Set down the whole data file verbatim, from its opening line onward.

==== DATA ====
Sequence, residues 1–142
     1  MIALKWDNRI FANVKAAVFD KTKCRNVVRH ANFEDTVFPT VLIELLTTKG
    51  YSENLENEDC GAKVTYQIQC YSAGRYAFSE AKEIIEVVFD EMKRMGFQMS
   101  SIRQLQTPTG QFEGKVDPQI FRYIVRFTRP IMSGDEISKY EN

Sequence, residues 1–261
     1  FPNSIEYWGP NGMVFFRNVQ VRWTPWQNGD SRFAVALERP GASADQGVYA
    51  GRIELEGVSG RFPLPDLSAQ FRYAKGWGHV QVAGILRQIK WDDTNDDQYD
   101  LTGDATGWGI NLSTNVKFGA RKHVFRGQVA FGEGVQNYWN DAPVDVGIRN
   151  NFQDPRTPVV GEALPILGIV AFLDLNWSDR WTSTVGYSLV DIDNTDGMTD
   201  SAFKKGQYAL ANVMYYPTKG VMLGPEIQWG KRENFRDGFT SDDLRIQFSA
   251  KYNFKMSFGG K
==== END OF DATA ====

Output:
Sequence, residues 1–142
     1  MIALKWDNRI FANVKAAVFD KTKCRNVVRH ANFEDTVFPT VLIELLTTKG
    51  YSENLENEDC GAKVTYQIQC YSAGRYAFSE AKEIIEVVFD EMKRMGFQMS
   101  SIRQLQTPTG QFEGKVDPQI FRYIVRFTRP IMSGDEISKY EN

Sequence, residues 1–261
     1  FPNSIEYWGP NGMVFFRNVQ VRWTPWQNGD SRFAVALERP GASADQGVYA
    51  GRIELEGVSG RFPLPDLSAQ FRYAKGWGHV QVAGILRQIK WDDTNDDQYD
   101  LTGDATGWGI NLSTNVKFGA RKHVFRGQVA FGEGVQNYWN DAPVDVGIRN
   151  NFQDPRTPVV GEALPILGIV AFLDLNWSDR WTSTVGYSLV DIDNTDGMTD
   201  SAFKKGQYAL ANVMYYPTKG VMLGPEIQWG KRENFRDGFT SDDLRIQFSA
   251  KYNFKMSFGG K